Race and Privilege

By Marsha Rule
CCDE Community Member

 

Open and honest conversations about race and privilege are happening at the University of Washington.

Interrupting Privilege, a class offered by the UW Center for Communication, Difference and Equity (CCDE), has given meaning to my journey. It has given me a language for expressing the frustrations and pains of my experiences in academic, corporate, and community spaces.

The class provides tools by which to interrupt, or at least pause, the daily, unintentional, and often well-meaning assaults on my and others’ wellbeing:

“You are so articulate….”
“I don’t see race when I look at you….”
“Oh, that’s so gay….”
“You’re the only black woman on our staff, so you don’t have to worry about getting a promotion….”

For most of this journey, as an African American woman, who is also a lesbian, I thought silence was the best way to survive. And, I guess, for a time, it was. I tried to avoid making waves. I remained silent to the slights, aggressions—micro and macro, the innuendo. I pushed myself to be better, to be more, to rise above, to try to fit in, and, by all means, to avoid drawing attention to any part of myself that was not “the norm.” Navigating this terrain on a daily basis for most of my 70 years has been exhausting.

In the fall of 2017, I attended a workshop called Interrupting Microagressions by Ralina Joseph, professor of communication and director of the CCDE. During the workshop, Professor Joseph illuminated research that addressed the enormous mental and physical toll racial microagressions take on those who experience them.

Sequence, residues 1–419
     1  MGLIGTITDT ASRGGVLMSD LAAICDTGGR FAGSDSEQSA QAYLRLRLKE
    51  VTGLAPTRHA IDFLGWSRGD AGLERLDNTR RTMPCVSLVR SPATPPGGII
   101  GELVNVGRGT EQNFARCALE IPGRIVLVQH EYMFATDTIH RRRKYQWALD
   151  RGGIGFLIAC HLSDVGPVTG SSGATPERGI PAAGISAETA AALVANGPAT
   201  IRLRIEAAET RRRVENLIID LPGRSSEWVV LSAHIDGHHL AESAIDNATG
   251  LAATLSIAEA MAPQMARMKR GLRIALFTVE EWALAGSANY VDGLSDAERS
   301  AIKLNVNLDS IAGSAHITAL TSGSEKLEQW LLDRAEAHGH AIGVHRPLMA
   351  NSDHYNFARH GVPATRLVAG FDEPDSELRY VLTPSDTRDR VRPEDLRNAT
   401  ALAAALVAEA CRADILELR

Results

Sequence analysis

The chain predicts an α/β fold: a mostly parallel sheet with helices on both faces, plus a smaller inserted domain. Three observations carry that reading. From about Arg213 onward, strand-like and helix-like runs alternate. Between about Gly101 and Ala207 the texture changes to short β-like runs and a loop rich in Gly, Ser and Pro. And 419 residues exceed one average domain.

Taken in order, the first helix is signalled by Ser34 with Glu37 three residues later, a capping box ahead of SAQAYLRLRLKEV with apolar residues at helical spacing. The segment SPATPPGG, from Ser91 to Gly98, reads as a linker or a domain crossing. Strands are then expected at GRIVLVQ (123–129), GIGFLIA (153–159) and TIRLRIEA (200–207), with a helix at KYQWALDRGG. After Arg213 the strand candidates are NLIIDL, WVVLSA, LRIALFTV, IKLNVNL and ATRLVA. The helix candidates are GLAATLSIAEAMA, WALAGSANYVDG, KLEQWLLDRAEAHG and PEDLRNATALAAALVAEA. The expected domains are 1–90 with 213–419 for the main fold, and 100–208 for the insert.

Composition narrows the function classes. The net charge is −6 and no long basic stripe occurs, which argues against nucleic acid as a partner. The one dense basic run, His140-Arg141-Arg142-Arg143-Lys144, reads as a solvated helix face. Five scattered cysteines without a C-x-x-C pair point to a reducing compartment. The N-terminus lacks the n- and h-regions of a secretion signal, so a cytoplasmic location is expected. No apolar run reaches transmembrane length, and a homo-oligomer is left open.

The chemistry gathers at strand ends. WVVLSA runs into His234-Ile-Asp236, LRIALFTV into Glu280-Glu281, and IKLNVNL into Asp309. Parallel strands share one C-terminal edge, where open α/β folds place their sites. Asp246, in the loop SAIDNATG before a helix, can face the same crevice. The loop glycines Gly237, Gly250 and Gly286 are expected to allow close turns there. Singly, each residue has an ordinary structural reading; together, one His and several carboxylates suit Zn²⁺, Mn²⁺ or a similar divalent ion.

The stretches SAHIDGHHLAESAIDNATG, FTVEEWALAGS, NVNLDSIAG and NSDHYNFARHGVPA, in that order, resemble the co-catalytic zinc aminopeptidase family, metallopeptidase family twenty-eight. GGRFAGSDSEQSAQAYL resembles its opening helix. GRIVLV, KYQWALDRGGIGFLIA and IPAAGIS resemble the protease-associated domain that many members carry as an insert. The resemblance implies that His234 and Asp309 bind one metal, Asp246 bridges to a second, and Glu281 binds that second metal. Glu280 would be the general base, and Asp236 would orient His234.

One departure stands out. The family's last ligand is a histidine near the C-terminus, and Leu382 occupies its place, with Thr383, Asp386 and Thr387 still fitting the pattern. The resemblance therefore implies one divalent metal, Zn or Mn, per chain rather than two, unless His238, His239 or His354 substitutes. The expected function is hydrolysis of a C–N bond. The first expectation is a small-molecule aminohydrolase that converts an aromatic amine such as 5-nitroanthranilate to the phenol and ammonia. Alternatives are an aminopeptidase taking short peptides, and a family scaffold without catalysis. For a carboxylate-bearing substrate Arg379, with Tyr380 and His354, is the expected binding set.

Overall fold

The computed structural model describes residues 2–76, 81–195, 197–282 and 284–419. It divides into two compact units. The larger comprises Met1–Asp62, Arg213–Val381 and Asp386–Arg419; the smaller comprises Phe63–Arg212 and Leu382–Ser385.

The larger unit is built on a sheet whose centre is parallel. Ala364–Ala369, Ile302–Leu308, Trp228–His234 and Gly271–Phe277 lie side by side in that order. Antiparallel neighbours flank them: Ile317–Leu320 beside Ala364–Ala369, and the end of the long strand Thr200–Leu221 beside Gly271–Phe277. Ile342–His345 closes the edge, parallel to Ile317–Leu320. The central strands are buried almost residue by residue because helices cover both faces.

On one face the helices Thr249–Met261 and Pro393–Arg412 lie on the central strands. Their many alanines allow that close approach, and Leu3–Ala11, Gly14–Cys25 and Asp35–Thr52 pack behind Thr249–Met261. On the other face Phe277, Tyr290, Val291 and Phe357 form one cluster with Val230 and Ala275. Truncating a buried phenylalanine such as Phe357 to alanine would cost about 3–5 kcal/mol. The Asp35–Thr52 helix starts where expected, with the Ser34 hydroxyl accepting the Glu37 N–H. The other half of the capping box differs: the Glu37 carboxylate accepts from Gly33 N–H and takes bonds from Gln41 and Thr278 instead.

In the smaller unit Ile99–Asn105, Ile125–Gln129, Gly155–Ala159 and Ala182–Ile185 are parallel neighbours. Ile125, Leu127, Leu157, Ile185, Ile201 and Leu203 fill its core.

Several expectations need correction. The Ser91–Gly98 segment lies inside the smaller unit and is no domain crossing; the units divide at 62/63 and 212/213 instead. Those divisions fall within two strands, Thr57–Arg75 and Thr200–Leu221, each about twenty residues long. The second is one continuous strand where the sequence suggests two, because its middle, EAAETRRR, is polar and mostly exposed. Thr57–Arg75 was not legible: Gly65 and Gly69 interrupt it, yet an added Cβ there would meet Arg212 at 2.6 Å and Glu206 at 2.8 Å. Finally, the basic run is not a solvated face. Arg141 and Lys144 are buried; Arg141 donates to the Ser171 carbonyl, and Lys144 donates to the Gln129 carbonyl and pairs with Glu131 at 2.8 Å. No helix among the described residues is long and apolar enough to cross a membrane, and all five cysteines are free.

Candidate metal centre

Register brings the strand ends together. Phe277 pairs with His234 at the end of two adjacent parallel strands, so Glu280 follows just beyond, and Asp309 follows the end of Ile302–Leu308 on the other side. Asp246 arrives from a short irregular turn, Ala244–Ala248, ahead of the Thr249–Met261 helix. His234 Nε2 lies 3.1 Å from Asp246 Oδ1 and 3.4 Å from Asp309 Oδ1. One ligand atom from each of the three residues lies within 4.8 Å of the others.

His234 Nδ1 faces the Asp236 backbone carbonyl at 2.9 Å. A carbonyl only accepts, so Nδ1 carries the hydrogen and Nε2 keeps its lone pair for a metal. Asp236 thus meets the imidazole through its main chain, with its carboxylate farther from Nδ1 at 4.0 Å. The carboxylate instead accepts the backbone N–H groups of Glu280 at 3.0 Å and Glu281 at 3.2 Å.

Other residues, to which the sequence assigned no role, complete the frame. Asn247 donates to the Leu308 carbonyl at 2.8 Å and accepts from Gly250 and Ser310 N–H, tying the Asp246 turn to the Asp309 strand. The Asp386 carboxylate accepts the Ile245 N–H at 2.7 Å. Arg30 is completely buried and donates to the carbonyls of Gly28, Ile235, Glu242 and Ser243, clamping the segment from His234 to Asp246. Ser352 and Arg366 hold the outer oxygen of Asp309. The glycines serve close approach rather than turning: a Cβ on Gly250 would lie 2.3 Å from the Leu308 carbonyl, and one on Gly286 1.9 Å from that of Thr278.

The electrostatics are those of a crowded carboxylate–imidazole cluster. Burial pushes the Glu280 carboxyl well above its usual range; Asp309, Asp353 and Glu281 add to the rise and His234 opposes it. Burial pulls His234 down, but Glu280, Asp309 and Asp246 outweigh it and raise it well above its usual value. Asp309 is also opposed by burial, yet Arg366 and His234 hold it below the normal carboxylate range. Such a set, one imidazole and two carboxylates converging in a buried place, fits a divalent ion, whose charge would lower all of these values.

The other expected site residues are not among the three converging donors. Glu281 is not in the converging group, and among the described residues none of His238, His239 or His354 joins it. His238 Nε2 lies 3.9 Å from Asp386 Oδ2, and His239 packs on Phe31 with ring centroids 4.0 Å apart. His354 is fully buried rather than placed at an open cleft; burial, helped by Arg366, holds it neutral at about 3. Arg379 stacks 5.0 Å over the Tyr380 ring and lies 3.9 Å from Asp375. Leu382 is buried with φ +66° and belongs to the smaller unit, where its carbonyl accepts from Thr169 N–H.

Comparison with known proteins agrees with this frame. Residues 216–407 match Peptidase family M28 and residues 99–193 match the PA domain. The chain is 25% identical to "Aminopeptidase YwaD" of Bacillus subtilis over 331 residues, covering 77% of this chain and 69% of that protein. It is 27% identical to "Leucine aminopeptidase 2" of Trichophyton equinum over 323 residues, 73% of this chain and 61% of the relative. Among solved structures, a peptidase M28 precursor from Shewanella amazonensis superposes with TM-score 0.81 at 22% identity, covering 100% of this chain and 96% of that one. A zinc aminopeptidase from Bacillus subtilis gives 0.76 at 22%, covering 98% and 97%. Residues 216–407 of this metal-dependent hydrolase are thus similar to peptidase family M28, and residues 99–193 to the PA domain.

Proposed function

In that moment, for the first time, I heard scholarly and scientific validation of my lived experience. The workshop also introduced tools, such as inquiry, reflection, paraphrasing, by which to safely address daily assaults.

Last winter, I participated in the Interrupting Privilege class for alumni, community members and undergraduate students—a ten-week opportunity to engage in a multiracial, intergenerational conversation about race and privilege.

The class was transformative for me. I heard heart-felt stories, from participants young and old, that echoed and validated my own. I also had several opportunities to reflect on microagressions that I myself had perpetrated (a humbling experience).

Central to the class was deep listening—creating safe and welcoming spaces in which to share and be heard; sharing experiences—Story Corps listening parties, lectures, and cultural events and then discussing our perspectives on our experiences.

Having lived through the seminal years of the civil rights movement and women’s movement, I thought it was just a matter of time before better laws would truly equalize the playing field. As the current resistance to racial and gender equality attests, we need to do much more—we need to have the courage to have open and honest conversations about the intent and impact of our words and the content of our hearts!

Interrupting Privilege has given me new tools and courage to speak up and continue my journey.


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